For local groups working to get people vaccinated, door-knocking and neighborhood canvassing have been a key tool in reaching people who have not already sought out the vaccine.
Most important, public health workers say, such visits provide a one-on-one opportunity to answer people’s questions, debunk misinformation about the vaccines, and address individual concerns.
“Door-to-door works,” said Ann Cunningham, who has organized vaccination efforts in Coatesville and knocked on doors to let people know about nearby mobile vaccination clinics. “People are afraid, and the easy answers are coming from online misinformation and fearmongering and conspiracy theories. To be able to break through that with a face-to-face conversation is critical.”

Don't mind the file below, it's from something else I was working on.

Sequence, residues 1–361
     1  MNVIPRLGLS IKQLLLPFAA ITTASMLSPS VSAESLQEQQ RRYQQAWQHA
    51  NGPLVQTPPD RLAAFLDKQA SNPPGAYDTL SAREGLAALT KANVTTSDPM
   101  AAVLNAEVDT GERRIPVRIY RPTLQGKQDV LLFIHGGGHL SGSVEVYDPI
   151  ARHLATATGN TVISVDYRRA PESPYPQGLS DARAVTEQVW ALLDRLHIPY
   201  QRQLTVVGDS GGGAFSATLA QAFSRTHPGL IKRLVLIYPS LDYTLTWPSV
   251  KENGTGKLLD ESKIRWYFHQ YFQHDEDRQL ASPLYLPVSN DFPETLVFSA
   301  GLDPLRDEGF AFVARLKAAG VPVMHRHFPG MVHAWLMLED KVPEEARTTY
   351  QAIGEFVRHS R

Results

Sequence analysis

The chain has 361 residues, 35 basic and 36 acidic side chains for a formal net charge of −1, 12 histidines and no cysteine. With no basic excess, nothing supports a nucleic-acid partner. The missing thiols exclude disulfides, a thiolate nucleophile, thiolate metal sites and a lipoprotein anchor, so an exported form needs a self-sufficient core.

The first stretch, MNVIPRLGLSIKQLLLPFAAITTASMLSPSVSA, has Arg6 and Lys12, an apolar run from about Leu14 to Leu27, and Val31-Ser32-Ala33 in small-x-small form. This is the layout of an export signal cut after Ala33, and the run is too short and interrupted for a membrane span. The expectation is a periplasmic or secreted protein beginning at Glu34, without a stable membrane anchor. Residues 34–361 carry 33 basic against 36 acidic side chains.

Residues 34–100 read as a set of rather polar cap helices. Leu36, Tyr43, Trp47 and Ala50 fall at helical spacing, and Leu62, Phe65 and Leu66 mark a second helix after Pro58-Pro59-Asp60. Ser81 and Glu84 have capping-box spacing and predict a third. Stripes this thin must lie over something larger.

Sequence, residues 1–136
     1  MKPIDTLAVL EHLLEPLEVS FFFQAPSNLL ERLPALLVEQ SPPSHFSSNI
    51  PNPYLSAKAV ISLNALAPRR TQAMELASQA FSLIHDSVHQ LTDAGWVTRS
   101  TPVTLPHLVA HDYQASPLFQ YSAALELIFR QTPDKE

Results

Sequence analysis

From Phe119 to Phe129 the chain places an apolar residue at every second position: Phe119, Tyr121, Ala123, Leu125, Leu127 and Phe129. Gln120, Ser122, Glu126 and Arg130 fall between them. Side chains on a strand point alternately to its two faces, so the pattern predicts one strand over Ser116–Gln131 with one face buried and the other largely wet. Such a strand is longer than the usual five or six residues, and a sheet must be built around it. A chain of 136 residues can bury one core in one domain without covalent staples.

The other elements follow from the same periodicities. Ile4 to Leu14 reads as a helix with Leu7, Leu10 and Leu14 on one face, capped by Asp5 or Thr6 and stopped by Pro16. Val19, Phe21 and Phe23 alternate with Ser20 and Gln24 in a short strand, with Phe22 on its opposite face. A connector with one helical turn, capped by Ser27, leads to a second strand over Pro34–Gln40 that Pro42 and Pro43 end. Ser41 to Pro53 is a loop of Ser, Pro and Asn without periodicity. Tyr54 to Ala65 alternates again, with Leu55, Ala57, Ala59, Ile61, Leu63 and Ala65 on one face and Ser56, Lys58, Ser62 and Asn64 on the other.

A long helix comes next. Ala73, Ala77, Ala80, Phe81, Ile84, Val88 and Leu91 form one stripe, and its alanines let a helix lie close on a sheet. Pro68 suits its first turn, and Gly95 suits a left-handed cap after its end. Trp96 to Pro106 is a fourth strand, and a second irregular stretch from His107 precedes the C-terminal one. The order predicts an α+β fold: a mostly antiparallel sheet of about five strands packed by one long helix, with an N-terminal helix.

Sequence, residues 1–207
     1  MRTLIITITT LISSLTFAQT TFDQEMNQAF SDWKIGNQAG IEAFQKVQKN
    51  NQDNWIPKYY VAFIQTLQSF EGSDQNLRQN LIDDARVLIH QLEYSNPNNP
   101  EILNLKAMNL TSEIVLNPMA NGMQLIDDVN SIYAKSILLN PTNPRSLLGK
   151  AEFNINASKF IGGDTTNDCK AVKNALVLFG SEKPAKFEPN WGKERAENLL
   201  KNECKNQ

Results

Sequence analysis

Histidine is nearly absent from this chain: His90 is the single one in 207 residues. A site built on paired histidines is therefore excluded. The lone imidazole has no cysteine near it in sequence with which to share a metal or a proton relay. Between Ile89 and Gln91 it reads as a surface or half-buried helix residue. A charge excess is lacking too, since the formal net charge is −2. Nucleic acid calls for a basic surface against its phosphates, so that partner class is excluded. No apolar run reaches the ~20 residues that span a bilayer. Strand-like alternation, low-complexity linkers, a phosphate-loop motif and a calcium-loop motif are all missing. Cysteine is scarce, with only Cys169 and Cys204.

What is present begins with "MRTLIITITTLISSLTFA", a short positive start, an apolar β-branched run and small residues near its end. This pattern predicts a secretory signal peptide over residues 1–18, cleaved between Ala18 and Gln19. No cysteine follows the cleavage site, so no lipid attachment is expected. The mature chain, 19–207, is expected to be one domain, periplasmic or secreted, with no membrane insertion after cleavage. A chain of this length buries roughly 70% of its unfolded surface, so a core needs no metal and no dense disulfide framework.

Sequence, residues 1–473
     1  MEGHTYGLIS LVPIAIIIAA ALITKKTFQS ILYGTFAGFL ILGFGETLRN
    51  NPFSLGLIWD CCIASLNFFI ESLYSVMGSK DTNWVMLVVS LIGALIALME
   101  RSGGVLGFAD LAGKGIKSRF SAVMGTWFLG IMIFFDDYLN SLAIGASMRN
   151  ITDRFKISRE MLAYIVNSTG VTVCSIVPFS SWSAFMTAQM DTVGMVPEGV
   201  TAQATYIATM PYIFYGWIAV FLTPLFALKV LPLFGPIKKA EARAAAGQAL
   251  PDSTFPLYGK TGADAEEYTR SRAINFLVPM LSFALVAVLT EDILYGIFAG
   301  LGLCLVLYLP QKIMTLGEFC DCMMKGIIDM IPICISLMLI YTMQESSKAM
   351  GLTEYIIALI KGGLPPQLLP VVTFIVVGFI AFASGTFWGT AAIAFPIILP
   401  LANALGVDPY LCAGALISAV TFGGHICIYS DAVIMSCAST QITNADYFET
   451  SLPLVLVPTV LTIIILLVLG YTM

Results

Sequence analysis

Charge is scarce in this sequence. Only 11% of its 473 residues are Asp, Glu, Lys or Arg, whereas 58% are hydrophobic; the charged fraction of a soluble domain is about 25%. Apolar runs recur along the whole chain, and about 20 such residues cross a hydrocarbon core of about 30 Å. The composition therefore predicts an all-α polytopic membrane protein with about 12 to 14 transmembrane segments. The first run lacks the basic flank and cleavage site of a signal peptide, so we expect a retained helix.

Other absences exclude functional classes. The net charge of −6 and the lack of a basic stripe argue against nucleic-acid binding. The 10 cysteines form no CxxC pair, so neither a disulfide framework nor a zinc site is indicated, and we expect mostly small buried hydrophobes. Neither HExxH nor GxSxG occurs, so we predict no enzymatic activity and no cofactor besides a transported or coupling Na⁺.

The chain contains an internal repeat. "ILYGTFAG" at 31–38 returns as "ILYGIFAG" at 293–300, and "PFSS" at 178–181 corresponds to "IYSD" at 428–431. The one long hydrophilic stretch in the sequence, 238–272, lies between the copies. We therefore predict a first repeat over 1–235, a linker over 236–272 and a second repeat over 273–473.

It also can “combat the idea that ‘The government is telling me to do this,’” she added. “No, people who understand science are encouraging you to make a decision that is informed by facts.”